PR School Dist. to get nearly $2.5 million debt reduction
By Anna Erickson
A bond sale went better than expected last week, resulting in a $2,475,960 debt reduction for Park Rapids Area School District.
Refunding of building bonds could save the Park Rapids Area School District about $200,000 a year, or just over $2 million over the life of the bonds.
Greg Crowe, a financial advisor with Ehlers, reported that bids for the school district’s building bonds came in with a low bid of 1.9392 percent. He had estimated 2.3 percent.
“Property taxes will go down,” Crowe said.
Taxpayers won’t see the decrease on their Truth in Taxation statements but it will be reflected on their bill next year, he said.
The school district has General Obligation School Building Refunding Bonds from the Century School building project from 2005. The bonds are now eligible for refinancing, Crowe explained.
The sale will finance a current refunding of the 2016-25 maturities of the $28,450,000 General Obligation School Building Refunding Bonds, Series 2005A. The purpose of the refunding is to reduce future debt service payments and tax levies, according to an executive summary provided by Ehlers.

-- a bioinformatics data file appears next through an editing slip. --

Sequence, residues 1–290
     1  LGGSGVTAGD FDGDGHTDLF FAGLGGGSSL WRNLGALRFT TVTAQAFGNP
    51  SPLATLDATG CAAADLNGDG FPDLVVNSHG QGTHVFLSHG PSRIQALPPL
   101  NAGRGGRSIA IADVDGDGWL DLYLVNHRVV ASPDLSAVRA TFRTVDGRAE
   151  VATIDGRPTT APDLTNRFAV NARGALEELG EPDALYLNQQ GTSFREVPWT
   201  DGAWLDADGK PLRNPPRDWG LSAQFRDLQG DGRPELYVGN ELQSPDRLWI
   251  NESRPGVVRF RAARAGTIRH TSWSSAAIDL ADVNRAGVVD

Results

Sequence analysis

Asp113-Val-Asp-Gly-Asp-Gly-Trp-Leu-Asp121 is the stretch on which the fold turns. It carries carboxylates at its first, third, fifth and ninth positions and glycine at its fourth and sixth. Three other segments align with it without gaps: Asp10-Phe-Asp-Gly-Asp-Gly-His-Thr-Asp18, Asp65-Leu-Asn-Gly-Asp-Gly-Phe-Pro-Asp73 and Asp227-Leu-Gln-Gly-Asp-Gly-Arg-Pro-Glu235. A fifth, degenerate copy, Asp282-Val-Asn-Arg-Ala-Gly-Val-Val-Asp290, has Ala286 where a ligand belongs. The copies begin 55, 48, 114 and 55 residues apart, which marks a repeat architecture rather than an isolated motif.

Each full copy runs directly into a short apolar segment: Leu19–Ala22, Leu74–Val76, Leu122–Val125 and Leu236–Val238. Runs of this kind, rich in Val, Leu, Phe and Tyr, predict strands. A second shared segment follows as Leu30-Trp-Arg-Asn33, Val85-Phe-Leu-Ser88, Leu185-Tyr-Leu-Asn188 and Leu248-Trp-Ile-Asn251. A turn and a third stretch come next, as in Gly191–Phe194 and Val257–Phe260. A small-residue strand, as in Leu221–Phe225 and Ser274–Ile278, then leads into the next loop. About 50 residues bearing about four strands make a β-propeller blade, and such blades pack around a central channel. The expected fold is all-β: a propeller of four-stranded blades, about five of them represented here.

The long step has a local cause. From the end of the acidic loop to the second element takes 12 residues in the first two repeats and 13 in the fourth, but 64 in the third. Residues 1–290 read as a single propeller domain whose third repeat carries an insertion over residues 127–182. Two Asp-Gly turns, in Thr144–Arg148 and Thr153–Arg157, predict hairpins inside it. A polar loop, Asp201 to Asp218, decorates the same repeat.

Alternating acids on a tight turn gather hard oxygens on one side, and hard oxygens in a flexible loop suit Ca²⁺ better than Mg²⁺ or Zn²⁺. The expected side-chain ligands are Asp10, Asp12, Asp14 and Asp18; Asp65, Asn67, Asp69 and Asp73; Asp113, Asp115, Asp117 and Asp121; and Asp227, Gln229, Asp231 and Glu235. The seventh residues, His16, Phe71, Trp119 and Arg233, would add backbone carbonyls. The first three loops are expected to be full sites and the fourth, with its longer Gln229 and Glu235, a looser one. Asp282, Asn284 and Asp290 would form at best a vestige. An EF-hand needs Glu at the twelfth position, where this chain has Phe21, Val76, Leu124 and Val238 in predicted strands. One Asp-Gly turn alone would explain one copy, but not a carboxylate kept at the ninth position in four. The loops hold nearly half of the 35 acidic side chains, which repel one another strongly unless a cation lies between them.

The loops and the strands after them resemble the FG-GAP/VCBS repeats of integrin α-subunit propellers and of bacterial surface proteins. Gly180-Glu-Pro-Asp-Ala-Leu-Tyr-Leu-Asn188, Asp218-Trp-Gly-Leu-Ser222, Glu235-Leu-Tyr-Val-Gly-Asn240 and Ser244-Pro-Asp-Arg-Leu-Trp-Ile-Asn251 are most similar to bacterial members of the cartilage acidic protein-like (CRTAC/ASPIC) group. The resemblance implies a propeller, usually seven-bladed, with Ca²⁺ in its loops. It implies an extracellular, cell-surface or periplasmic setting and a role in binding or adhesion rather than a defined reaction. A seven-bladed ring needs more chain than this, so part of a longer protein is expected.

The existing bonds had interest rates of 4 to 4.5 percent. The lower interest rate will reduce future debt service interest payments for a total of $2,475,960, or about $245,000 per year between fiscal years 2016-25. This will cause a reduction in property tax levies for taxes payable in 2015 through 2024.
Because the district is issuing more than $10 million in tax-exempt obligations during the calendar year, the district will not be able to designate the bonds as bank-qualified obligations.
In order to obtain the lowest interest cost to the district, competitive bids were solicited for purchase of the bonds from local banks in the area and regional underwriters, Crowe said.
Some of the bigger companies ended up stepping up to make bids, with J.P. Morgan Securities, LLC making the low bid.
Under current market conditions, most investors in municipal bonds prefer premium pricing structures, according to the executive summary. A premium is achieved when the interest rate paid by the issuer exceeds the yield to the investor, resulting in a price paid that is greater than the face value of the bonds.
The sum of the amount paid in excess of face value is considered a reoffering premium. The underwriter of the bonds then retains a portion of this reoffering premium as compensation but will pay the remainder to the district. Any premium received was to be used to reduce the amount of the new bonds issued, Crowe said.